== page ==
But yeah.. leaky roof? Been there done that. Two men on my roof on a Sunday morning, there were ordered in all the way from Amsterdam (I live in the south west of the country, about a 1.5 hours drive away from there).. I don't even want to guess what that has cost the rental company. But NOT me! :happy:

Re: Debt Free

Posted: Sat Jul 13, 2019 6:01 am
by JayM
Artim wrote:
Sat Jul 13, 2019 5:32 am
A lot of retirees find renting easier and better, so they can travel to a city, stay awhile, travel to another, etc. It's probably almost as easy as living in a RV and traveling to visit family and friends all over the place! That sounds like fun if I ever retire... not sure I actually believe in "retirement," though. To be idle, doing little or nothing, instead of passing along the wisdom of age and experience seems like a waste of those last years. I guess I'd rather burn out than rust out.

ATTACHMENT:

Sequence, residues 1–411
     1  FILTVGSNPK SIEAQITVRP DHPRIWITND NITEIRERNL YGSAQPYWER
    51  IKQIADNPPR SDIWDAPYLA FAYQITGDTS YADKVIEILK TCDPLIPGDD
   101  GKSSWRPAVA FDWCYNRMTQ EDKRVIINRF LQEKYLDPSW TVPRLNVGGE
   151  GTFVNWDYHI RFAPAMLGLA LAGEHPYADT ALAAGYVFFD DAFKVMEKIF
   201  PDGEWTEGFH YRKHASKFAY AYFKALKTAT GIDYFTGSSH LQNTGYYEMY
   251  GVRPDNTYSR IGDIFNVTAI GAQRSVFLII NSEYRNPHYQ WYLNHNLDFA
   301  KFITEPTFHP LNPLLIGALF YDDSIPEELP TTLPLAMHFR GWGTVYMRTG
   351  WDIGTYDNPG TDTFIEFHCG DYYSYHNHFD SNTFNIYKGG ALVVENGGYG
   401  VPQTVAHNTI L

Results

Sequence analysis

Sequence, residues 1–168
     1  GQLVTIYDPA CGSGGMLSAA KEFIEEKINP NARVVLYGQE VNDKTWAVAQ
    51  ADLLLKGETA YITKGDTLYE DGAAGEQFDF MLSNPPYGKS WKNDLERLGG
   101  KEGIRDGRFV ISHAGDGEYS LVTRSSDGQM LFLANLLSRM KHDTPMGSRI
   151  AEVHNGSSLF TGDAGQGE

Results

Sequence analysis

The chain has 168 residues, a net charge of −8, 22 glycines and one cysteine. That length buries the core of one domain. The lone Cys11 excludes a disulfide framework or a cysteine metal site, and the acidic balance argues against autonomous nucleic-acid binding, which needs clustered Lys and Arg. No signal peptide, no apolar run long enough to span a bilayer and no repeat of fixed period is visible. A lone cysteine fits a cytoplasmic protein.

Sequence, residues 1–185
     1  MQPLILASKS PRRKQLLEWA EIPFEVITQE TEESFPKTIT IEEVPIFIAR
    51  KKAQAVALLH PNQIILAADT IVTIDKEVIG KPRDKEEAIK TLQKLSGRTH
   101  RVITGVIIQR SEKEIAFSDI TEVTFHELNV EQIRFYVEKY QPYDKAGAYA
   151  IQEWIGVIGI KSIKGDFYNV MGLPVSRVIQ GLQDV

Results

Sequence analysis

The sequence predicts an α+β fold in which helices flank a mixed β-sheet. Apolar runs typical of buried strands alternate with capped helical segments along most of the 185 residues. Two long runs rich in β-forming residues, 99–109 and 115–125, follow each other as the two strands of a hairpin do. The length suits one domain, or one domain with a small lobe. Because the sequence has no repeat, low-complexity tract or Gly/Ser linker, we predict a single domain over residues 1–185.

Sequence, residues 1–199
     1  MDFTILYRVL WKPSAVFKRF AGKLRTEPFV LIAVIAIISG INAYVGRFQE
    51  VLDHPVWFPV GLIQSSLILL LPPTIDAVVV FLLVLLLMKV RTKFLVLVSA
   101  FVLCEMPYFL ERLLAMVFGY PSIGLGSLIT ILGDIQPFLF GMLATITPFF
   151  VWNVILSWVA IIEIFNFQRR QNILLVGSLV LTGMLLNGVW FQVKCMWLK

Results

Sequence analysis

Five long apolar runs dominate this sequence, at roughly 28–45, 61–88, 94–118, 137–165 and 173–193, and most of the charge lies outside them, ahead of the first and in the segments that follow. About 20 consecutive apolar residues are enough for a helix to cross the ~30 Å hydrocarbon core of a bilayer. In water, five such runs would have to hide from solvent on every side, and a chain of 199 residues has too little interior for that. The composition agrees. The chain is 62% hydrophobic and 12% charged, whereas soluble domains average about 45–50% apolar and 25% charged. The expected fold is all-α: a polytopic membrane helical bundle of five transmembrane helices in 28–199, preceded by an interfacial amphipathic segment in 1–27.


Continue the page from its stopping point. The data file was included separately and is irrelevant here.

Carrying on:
Retirement doesn't necessarily mean sitting around idle, though you can certainly do that if you don't wish to live very much longer. It means that you get to do the things that you enjoy and not have to get up early and go to work for 8-plus hours every day. You can start a small business if you have the capital, you can volunteer at various organizations, you can teach an evening Continuing Adult Education-style class at your local community college, senior center, youth center, church, Scout hall. Or you can attend those CAE classes as a student and learn new things: cooking, foreign languages, crafts and skills. Or attend college as a full-time student. We had a retiree in one of my classes when I was in college. I can't remember which one for sure but I think it was Philosophy 101. She was just taking it to broaden her overall knowledge. Or you can take up hang-gliding, skydiving, scuba diving, mountaineering... or adopt some homeless dogs and/or cats and spend your time giving them a good home and being loved. :) Or move to a different part of the world where it's cheaper to live and become immersed in another culture. Plane tickets aren't all that expensive. Or you can do any combination of these things. The trick is to begin investing in your retirement while you're still young, though that's difficult to do these days if you're crushed by student loan debt, but if you can manage it, always "pay yourself first" from each paycheck by putting 10% of it into long-term savings of some sort like a 401k, or at minimum take out a life insurance policy that pays off when you turn 65 while you're still young and healthy and are low-risk, so it's cheaper.